29 Aug 2017

What Lolita Taught Me

The subject of what kind of things we have learnt from Lolita fashion crops up pretty regularly, but it’s still good to revisit it sometimes as we discover more. I myself have touched upon it already when discussing habits I picked up from the fashion and skills every Lolita should have, but would like to go into the subject a little bit more directly now.




A chance conversation with someone at work made me realise just how much I have learnt from Lolita fashion, and one of the most important lessons is the ability to style a main piece so as to create a few very different outfits. There are many people out there who will wear an outfit once and then feel like they can’t be seen in it ever again, or those who lack the skills to see beyond that one outfit with an item that they like and create something different. In Lolita fashion, we celebrate creativity and being able to put together multiple outfits with one main piece (sometimes out of necessity and sometimes only to justify purchasing it in the first place) and we can later apply that skill to other styles of fashion. That way our friends and family may think that we’re wearing something different each time, when in fact we’re very cleverly masking how we reuse pieces through coordinating.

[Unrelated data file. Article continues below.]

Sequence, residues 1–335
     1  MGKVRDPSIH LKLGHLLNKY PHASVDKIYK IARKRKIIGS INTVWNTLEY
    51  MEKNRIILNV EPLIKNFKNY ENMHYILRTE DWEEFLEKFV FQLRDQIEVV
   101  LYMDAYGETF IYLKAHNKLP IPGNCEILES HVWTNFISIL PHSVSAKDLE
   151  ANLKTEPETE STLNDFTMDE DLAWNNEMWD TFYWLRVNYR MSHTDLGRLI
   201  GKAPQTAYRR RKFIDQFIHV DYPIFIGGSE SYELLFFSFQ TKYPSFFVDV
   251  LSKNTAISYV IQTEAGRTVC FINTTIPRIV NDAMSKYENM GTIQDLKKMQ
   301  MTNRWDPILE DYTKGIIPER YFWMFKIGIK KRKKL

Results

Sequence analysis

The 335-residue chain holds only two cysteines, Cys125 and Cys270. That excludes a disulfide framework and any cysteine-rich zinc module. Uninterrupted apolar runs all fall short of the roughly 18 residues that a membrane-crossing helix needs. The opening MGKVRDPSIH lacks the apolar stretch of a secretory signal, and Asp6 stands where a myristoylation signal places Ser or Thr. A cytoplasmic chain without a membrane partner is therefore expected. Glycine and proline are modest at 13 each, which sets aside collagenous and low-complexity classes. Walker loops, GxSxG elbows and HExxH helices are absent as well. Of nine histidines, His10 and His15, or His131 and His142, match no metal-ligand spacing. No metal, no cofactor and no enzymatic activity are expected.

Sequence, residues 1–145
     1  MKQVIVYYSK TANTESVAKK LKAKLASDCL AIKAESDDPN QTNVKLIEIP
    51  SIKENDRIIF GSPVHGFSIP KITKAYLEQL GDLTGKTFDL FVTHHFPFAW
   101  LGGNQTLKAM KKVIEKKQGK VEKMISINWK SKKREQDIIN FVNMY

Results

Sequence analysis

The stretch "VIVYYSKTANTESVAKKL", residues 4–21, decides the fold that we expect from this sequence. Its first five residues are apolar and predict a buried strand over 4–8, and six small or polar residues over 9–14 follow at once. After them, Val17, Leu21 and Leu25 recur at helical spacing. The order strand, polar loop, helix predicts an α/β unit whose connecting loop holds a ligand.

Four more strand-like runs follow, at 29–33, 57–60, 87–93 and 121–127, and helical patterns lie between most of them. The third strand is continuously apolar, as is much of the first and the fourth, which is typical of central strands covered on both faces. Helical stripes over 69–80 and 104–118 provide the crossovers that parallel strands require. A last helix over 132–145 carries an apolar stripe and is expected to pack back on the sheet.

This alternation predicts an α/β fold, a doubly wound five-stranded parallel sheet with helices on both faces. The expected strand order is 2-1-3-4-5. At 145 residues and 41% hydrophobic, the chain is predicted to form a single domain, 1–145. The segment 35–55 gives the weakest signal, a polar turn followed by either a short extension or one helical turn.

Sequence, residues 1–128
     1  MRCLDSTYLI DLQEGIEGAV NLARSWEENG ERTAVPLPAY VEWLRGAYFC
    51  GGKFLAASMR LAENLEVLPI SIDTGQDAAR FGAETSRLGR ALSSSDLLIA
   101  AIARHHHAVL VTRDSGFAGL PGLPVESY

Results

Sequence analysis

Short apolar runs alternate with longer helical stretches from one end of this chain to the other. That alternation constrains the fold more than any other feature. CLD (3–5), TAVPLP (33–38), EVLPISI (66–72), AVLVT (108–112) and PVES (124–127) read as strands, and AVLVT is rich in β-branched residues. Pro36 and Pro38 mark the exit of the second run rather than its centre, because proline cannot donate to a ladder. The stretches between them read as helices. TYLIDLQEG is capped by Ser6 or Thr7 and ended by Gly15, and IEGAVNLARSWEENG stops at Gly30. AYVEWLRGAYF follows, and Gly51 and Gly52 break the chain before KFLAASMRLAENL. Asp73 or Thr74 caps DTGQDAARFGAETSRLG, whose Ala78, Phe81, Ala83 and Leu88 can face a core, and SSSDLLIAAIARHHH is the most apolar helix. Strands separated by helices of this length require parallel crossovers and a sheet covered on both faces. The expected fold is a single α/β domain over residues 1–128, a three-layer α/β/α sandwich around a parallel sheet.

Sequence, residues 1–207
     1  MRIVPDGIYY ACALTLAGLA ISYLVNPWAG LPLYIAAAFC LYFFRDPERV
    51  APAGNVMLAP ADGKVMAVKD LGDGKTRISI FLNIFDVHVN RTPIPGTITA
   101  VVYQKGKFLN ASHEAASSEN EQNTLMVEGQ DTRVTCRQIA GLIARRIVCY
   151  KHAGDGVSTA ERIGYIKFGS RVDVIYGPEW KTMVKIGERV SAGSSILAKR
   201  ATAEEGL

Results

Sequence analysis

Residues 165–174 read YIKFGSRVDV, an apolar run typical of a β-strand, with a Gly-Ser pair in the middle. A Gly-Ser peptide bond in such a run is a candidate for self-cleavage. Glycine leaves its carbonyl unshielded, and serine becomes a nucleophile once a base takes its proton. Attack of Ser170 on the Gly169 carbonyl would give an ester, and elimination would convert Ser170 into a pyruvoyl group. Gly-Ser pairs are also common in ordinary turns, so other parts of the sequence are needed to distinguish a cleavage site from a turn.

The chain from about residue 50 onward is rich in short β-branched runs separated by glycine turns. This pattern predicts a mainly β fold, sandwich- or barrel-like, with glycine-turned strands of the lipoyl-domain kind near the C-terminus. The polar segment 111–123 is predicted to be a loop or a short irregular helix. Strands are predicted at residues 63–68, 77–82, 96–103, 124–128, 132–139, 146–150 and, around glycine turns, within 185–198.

Closet Child full of clothes and still nothing to wear!
Image from Lolita-Tips.tumblr.com

For me this is very strongly connected with valuing quality over quantity. Before I’d have a lot of clothes, mostly T-shirts, not all of which I’d get a chance to wear and many of which would get minor damage fairly quickly along the way. It was also a constant turnover as I bought new T-shirts, as well as other clothes which wouldn’t get as much wear, and having to throw out those items that I wasn’t wearing. However, Lolita fashion made me appreciate quality of clothes and fabrics a lot more, and while I still want to get things cheaply, my definition of cheap has changed to distinguish between ‘cheap for its quality’ and ‘cheap and cheaply made’. Wherever they might come from, I now want my clothes to hold a certain standard, not just because this will make me feel better, but also because they will last longer this way.

There are sales... and then there's Laforet Grand Bazar!
Image from NonoriYago.com
This in turn ties in with taking better care of the clothes that I have. While I was always prone to trying to fix something before replacing it, with cheaper, lesser quality and more fast-fashion kind of clothes I would just throw them on the quickest washing cycle all at once (very few of those items bled and colour catcher sheets are life) and be done with it. Since then I am taking factors like fabric and colour into consideration when doing laundry, as well as using more than just the nicest smelling washing detergent and a colour catcher sheet. And despite coming so far in terms of washing and care, I still feel like I could do more sometimes. When properly taken care of, our clothes can last us longer, which in turn (and in theory) should save money through fewer replacements needed.

Should I take it to the dry cleaners or handwash it?
'Cutie Lolita' by J3SSL33 on Flickr.com